Shannon Tipple-Leen is an artist undaunted by the idea of play. To describe her creative process is to watch someone comfortable and welcoming of continuing education and discovery. Her design motto, “a need to create” manifests itself as “a need to play,” as one sifts through her collection’s fascinating array of buttons– both new and vintage. When stringing buttons or “little paintings” into a bracelet, one suddenly finds an art form that closely resembles self-portraiture. There is a button and design for everyone, and Shannon’s varied color palettes, motifs, and varying degrees of complexity delivers the goods.
Shannon speaks with the Friends of the Seattle Public Library about her creative process, inspiration, and love for casual Northwest style in art and fashion.
Stop by the FriendShop on Level 3 of the Seattle Public Library-Central Branch (5th Avenue entrance) to check out Shannon’s jewelry. Her work will be highlighted throughout the month of May as we all get used to the sunshine and need some new jewelry to model as the sweaters come off.
Your background is in photography. How did you make the transition from photography to jewelry? Do natural connections exist between the two forms?
About 10 years ago the shift to digital was making it harder and harder to get the chemicals and paper I wanted for my darkroom. Doing my work on the computer did not have the same satisfaction that the darkroom gave me. I also was finding it hard to get large chunks of time to go in the darkroom as I had a young child. I began looking for other outlets that could be more portable and jewelry was one of them.
I think for me my photography and my jewelry could not be more different. I was a strictly black & white photographer and now I cannot get enough color in my jewelry. In both of these fields though I take something that already exists and twist and manipulate it until it reflects me.
I have always loved miniatures. Buttons are like little paintings that you string together into a gallery showing. Putting one perfect little thing next to another connects them into a unit that is appreciated as a whole. They are also highly addictive to collect and I have the collection to prove it!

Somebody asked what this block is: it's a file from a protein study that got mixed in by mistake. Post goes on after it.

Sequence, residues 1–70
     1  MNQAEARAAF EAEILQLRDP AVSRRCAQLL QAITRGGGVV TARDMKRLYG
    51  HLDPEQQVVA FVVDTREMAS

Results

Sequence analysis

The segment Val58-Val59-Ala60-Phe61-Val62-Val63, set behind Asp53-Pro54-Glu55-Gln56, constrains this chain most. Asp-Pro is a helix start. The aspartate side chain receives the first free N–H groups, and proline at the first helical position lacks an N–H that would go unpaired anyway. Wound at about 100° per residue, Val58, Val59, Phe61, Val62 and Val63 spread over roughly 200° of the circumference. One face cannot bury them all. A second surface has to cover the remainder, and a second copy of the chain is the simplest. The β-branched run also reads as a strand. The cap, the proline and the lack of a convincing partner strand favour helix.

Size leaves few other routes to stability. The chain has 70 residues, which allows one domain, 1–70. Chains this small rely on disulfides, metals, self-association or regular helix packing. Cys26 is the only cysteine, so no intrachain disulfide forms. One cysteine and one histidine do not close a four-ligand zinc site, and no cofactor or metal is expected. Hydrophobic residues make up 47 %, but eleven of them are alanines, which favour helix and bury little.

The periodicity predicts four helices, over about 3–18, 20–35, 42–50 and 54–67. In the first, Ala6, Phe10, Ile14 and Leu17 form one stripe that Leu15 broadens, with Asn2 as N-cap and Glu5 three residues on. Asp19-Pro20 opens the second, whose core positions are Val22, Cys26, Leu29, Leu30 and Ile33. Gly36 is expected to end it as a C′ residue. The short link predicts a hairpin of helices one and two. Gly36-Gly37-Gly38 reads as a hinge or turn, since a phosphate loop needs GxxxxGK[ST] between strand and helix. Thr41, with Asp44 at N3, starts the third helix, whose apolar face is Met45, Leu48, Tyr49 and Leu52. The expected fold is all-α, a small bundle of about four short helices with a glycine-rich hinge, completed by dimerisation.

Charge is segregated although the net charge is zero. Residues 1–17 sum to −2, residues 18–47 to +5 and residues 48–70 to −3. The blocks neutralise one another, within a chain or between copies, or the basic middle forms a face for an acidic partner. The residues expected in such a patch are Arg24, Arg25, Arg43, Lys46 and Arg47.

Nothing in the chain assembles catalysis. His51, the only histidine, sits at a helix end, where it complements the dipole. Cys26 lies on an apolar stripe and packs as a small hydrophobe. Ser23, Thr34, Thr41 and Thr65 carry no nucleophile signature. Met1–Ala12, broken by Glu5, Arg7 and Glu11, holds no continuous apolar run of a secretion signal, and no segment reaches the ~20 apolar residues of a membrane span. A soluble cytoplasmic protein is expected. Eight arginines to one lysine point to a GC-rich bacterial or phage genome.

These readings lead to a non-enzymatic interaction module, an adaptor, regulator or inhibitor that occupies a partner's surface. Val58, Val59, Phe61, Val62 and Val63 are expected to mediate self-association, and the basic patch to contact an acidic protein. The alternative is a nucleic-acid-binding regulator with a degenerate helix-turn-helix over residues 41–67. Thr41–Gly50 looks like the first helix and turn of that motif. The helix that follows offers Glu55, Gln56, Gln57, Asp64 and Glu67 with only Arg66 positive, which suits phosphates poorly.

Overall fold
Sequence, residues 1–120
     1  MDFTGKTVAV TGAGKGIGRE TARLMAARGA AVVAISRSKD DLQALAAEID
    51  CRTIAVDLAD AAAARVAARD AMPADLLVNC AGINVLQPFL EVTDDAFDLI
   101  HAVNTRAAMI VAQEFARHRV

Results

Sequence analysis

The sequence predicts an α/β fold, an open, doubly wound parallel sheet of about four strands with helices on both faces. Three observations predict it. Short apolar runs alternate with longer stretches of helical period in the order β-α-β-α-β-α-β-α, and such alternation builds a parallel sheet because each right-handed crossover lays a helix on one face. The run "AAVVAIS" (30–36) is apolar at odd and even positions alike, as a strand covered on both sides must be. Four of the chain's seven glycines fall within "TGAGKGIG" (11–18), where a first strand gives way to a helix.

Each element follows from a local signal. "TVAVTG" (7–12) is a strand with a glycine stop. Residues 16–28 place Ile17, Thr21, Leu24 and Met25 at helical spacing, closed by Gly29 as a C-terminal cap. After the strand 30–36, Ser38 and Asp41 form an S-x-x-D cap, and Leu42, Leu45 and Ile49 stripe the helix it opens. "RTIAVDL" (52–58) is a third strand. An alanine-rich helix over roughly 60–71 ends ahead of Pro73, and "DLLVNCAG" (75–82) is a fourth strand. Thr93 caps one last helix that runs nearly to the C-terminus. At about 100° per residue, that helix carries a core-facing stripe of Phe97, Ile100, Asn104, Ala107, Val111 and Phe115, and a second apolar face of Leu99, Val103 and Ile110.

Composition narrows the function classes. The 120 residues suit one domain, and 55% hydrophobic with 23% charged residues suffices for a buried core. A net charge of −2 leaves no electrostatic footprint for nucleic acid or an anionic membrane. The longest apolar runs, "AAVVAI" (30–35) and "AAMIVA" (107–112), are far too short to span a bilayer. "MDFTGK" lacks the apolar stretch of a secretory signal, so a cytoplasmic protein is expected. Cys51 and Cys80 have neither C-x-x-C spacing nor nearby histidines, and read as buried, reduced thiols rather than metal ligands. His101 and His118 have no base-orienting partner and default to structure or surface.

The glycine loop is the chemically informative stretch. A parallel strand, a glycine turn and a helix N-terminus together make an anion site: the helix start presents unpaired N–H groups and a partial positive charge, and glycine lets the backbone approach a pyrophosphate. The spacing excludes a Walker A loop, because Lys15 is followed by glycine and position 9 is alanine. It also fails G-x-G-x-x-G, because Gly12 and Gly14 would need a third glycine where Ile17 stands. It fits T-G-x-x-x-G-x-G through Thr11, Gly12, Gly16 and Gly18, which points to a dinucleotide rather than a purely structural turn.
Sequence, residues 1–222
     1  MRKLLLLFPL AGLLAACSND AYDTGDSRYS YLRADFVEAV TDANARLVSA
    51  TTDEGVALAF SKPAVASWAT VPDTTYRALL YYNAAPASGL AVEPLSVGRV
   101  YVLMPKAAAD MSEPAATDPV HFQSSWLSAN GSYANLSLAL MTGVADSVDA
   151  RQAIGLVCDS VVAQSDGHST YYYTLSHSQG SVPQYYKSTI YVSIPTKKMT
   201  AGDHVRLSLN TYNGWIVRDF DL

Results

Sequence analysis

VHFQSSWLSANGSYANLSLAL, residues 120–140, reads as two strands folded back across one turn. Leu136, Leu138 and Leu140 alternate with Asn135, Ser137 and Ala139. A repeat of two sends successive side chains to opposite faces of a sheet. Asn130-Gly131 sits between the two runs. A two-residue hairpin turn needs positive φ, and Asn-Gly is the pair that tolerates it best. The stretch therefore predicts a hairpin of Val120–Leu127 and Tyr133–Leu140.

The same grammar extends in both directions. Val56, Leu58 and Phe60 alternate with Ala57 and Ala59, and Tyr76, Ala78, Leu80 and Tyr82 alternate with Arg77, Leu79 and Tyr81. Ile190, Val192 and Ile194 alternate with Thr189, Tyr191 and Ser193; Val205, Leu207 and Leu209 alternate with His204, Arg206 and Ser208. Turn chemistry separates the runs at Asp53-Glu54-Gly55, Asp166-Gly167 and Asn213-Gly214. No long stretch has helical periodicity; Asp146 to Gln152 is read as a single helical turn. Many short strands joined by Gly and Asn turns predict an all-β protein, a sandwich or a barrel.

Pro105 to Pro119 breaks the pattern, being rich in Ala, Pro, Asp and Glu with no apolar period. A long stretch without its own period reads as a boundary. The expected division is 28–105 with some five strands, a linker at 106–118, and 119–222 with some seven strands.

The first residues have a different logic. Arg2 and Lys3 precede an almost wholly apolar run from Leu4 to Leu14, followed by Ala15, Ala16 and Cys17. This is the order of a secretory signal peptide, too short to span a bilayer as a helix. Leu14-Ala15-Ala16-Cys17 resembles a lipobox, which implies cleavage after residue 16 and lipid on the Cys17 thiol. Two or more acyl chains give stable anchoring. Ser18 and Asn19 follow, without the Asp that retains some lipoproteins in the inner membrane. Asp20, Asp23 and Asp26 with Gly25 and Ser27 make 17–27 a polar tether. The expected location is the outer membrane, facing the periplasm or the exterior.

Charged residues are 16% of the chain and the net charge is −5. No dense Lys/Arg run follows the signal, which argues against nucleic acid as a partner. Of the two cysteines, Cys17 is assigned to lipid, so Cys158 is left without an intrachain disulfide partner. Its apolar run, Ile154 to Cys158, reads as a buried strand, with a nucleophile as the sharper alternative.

Where do you draw inspiration from as a Northwest artist?
I am inspired by the casual lifestyle we lead out here. I love clothes and jewelry that are easy to wear yet have an element of surprise or edge to them. I love that most of us live in gray and black and want a pop of color somewhere to set it off.
How is playful design an important element of your creation process?
My work is all playful design! I am not a serious person and do not like to wear predictable or serious clothes and jewelry. I hope that part of me is reflected in the designs I make with my work. The buttons I choose need to be unique and sparkly – just like the women who wear them!
I have made many pieces for friends over the years. I always consider their clothing style and colors first and then start putting buttons together. Often I have to sit with them for a few days before assembly to make sure it feels right. I am always so pleased when they are thrilled and I see them wear it regularly.
Do you have a favorite chic literary figure?
Broken for You by Stephanie Kallos is high up on my favorite books of all time list. Her character Wanda Schultz is an amazing artist and the journey her artwork takes her on captivated me the first time I read it.
Find something you love to do and perfect it. It doesn’t have to be overnight – in my case it has been years. I see artists flip and flop from medium to medium never fully exploring any one thing. It is that exploration that brings great things. Also find other artists to talk to regularly. They will help you see things in your work you did not know where there.
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Seattle, WA 98104
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